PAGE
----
Many motorists do not actually realize that driving is a financial risk every time they get behind the wheel.
The number of uninsured and under-insured drivers on the national highways is astounding. Many consumer agencies estimate that approximately 15% of the licensed driving population drives with no auto insurance at all. Known in the insurance industry as “going naked,” the numbers of uninsured drivers are extremely high in certain areas of the country and extremely low in others.
Even within a specific state, percentages of uninsured drivers are exponentially higher in the economically depressed regions of the state, while being the opposite in areas of higher income populations.
Most drivers are compliant according to state law, but many of those are still carrying legal coverage minimums for bodily injury and property damage, and many states like Georgia have a very low coverage requirement. This combination means that being involved in a collision of any type can be an expensive problem for any driver.
Is Your State a “No Fault” Car Insurance State?
There are two types of doctrines used by states when settling auto accidents. While some states are purely “tort” states where a negligent driver who is at fault is responsible for compensating the injured victim, other states such as Georgia are “no fault” states.
Note: if you wonder what is tort law – read more in our blog post.
This means that an injured accident victim must look to their own auto insurance company for initial coverage. How much coverage you carry in a no-fault state is dependent on what policy you choose when purchasing insurance, so carrying the minimum 15/30/10 may not always be sufficient.
This legal condition will also put the injured driver in an adversarial situation with their own insurance company in some situations, so having an experienced personal injury auto accident attorney can ensure that all of your legal rights to compensation and coverage are recognized.
It is easy to accrue a medical bill of $15,000 in any level of accident, so the risk of financial hardship and lost assets is heightened when you only carry the state minimum coverage.
Do You Have Uninsured or Under-insured Coverage Protection?
Some drivers are adamant when it comes to purchasing uninsured or under-insured auto insurance protection, but the truth is that insurance companies are not required to inform drivers that the rider option is available.
Savvy insurance purchasers will always ask for this coverage, and it can be a major advantage in an accident when you are hit by an uninsured or under-insured driver. In Georgia, this is specifically important because of the low insurance coverage requirements. However, the court verifies when an accident is classified with this coverage and it normally takes an attorney to ensure the coverage will apply. The potential for accidents involving under-insured drivers in Georgia is as high as uninsured.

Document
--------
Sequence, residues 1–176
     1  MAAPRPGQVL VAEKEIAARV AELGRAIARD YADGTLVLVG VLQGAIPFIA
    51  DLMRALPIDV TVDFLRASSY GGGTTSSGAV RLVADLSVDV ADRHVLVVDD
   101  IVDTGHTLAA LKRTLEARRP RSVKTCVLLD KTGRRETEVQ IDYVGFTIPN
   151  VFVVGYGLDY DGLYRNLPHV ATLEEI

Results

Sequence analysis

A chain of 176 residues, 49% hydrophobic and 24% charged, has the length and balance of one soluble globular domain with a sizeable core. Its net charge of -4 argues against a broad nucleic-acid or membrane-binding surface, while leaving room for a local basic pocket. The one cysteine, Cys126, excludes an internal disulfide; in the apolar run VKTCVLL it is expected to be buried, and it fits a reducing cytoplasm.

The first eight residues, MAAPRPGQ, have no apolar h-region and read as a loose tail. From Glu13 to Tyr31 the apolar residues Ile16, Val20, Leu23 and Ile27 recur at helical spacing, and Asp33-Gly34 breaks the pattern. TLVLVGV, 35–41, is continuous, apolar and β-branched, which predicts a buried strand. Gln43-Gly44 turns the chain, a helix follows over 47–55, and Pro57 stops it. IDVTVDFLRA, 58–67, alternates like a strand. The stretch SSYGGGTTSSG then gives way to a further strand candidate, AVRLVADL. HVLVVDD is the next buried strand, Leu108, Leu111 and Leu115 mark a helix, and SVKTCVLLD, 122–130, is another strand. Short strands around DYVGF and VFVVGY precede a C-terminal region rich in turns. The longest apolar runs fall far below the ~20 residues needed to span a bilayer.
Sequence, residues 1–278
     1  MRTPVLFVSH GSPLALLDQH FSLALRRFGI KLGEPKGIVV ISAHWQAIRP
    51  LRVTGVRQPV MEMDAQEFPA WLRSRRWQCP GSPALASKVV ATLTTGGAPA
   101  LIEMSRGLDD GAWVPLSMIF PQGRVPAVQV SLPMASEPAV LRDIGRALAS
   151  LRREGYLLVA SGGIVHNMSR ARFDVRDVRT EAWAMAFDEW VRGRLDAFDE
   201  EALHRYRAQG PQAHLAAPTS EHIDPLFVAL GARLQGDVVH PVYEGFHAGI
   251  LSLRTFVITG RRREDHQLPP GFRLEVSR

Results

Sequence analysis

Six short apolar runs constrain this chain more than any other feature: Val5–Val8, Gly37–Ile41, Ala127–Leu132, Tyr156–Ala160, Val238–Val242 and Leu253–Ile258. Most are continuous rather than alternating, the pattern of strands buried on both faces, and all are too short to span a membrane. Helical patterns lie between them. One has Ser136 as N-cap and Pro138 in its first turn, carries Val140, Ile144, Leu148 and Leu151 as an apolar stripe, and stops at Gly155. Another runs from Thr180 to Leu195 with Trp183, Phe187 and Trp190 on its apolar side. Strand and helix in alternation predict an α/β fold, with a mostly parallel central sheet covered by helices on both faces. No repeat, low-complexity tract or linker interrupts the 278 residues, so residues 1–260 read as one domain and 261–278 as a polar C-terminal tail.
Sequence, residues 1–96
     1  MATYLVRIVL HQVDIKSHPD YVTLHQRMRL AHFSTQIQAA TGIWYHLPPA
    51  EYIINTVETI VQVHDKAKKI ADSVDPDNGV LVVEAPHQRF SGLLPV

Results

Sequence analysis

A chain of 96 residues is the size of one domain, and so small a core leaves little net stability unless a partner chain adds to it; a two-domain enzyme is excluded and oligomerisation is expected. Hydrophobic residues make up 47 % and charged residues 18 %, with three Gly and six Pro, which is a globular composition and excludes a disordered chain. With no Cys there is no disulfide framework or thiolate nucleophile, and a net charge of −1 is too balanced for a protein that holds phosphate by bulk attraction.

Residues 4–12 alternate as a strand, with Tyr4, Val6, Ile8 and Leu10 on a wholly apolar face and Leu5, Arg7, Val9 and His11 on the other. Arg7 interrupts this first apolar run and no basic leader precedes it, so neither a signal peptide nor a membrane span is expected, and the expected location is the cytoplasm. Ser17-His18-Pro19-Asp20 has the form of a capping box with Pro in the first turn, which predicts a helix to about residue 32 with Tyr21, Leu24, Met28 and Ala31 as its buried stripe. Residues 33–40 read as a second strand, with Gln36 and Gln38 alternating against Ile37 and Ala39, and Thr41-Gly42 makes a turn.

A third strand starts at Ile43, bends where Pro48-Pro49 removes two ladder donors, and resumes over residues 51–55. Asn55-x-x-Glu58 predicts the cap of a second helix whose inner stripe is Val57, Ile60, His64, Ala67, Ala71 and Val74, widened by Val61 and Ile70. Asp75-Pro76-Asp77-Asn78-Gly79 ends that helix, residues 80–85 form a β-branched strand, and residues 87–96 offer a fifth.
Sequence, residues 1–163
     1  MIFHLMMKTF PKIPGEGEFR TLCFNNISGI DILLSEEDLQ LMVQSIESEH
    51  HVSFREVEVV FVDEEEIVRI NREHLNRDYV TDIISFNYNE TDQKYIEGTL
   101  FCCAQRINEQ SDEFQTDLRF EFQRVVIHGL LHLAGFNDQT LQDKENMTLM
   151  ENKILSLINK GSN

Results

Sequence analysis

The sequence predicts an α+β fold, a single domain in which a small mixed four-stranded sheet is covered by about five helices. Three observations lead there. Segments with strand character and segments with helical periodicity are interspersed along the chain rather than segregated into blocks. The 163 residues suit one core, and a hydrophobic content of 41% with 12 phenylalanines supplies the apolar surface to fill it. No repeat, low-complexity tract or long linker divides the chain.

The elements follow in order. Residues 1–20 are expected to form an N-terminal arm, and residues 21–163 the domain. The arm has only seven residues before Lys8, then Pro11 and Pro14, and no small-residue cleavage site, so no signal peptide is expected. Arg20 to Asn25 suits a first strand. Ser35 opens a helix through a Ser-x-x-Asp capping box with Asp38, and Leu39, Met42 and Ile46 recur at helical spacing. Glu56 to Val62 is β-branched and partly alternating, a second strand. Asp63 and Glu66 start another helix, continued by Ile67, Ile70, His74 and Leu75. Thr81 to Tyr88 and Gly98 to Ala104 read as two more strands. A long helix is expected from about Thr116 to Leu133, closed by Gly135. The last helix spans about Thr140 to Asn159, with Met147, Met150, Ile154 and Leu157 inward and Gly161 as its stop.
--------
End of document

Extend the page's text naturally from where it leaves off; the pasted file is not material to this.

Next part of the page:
Can You Pursue Additional Compensation?
The short answer to this question is yes, but it may be reduced when comparative negligence is assessed by the court. Georgia is also a comparative negligence state, which means that you may be partially at fault when the second phase of the case is applied.
This percentage determination is anything but an exact science, as negligence is determined in percentage of fault. After your personal no-fault injury coverage is exhausted you can still sue the other driver.
If they have no assets as well as no insurance, then the court can issue a payment order for the primarily negligent driver. Of course, this will clearly complicate your case and having a solid personal injury attorney can help immensely with processing this legal action.
Also remember that no-fault PIP coverage from your personal policy only includes bodily injury, meaning a negligent driver may still be liable for property damage to your vehicle.
It is clear to see that the high number of drivers on the highway who risk the lives of others with little or no auto insurance coverage leaves other drivers in peril. Regardless of the reasons that certain areas have a high rate of uninsured drivers, it is always important to reassess your personal insurance coverage and update your policy every time you renew it.
And if you are in an accident involving an uninsured driver, call Singleton Law Firm in Alpharetta at (770) 889-6010.